After the boos, a better reception for Ron Paul
NEW ORLEANS -- Even when he was running for president, Rep. Ron Paul (R-Tex.) didn't really give presidential campaign speeches.
He wasn't much for pointing people to social networks, asking for votes, or -- especially -- mentioning other candidates. (The one exception was his bete noire, Rudy Giuliani.) He didn't stop for applause. He lectured. And that's what he did here, before a stratified SRLC crowd, as some baffled Republican activists walked out and (largely youthful) Paul fans trickled in. Mainline Republicans sat stage right; Paul fans sat stage left.
Most of the politicians here have limned their speeches with easy applause lines. Paul did some of that without altering his stances. "There's a revolution on our college campuses!" he said. "They're not looking for handouts, they're looking for freedom!" That got applause from both sides, as did doom-mongering about the dollar and general cries for freedom.
"I'm for regulation," said Paul, "but the number one regulation is to regulate the Federal Reserve system!"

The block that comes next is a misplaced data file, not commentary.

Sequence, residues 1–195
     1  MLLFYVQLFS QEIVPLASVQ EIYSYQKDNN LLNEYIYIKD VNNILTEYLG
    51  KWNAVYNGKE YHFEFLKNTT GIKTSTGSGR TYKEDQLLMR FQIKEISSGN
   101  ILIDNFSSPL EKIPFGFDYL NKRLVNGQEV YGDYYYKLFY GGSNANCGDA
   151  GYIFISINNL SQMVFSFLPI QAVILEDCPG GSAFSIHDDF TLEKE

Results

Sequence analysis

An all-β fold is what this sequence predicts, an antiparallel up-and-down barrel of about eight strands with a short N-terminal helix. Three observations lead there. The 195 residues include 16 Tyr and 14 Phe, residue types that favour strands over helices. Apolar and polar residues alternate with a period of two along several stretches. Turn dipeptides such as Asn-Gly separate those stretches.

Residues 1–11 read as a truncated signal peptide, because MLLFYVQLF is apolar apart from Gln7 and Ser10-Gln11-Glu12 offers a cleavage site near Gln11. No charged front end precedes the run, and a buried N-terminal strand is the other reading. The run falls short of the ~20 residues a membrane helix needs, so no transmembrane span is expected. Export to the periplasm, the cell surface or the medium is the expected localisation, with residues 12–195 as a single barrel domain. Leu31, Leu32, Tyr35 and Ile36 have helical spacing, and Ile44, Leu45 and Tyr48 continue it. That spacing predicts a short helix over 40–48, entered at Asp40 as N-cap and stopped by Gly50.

Paul courted boos by returning, again and again, to the primacy of "humble" foreign policy.
"It's been 60 years since we went to war in Korea," said Paul. "Why do we have to have troops there?"
"North Korea!" yelled a heckler.
But the boos were kept to a minimum by some clever phrasing. Paul hectored the crowd about how faith to the Constitution meant demanding wars be approved by Congress. Not so many cheers. Then: "Declare the war, go fight, win it, and get out of there." That finally united the halves of the room.
There was a mass exodus as the speech ended and Paul fans -- visibly, dramatically younger than the average attendee -- headed out to mingle and vote in the straw poll. Expectations, post-CPAC, were high, so what did Paul fans hope that a straw poll win would mean?
"I think it would show that the Republican Party is returning to its roots," said John Heniken, a University of Mississippi student who joined 16 friends to come here and vote for Paul. Then, unprompted, he took a dig at a more famous Republican face. "Sarah Palin is the death of intellectual conservatism."
Paul, who held court with bloggers after the speech -- the grand took a question on why his supporters seemed disinterested in the Republican Party itself. "The question you should be asking," said Paul, "is, why isn't the Republican Party interested in them? We can get huge crowds with this message."